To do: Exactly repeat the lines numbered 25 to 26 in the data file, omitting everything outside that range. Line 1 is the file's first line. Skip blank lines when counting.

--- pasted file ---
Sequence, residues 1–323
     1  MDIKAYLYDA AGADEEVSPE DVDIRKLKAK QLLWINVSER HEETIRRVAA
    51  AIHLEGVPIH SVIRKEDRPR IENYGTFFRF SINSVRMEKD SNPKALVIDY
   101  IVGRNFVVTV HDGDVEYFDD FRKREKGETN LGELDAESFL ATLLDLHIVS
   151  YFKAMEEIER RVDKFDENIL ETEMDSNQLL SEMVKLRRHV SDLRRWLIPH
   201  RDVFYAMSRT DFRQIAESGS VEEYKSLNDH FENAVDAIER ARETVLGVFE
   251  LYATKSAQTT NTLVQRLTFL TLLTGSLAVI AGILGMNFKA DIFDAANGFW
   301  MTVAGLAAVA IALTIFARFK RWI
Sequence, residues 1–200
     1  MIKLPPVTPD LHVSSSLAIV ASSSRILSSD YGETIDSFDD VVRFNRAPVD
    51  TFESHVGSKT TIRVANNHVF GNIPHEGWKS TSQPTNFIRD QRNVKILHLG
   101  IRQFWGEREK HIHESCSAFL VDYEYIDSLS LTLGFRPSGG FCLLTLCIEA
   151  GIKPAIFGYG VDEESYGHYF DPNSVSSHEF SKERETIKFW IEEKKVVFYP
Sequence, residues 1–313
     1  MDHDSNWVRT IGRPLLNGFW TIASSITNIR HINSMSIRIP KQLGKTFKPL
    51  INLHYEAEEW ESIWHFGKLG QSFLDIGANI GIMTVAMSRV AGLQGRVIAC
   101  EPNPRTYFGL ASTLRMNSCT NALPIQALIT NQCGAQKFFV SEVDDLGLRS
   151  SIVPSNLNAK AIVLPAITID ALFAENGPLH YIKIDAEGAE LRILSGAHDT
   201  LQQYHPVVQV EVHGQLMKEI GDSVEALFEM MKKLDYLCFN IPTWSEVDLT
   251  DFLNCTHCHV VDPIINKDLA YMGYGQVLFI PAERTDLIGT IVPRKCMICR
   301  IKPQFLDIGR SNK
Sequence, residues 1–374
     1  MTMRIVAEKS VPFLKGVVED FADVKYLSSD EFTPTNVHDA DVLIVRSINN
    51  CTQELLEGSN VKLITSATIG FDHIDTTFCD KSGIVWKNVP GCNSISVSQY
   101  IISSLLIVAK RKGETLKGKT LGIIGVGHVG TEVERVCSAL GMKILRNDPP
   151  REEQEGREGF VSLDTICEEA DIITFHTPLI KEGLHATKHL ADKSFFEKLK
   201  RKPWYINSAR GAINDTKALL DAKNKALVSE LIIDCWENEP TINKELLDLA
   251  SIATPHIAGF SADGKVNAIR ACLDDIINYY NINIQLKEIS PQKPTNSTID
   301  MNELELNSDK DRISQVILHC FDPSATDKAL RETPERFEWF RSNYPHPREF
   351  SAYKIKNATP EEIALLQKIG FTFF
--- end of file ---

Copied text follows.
   101  IISSLLIVAK RKGETLKGKT LGIIGVGHVG TEVERVCSAL GMKILRNDPP
   151  REEQEGREGF VSLDTICEEA DIITFHTPLI KEGLHATKHL ADKSFFEKLK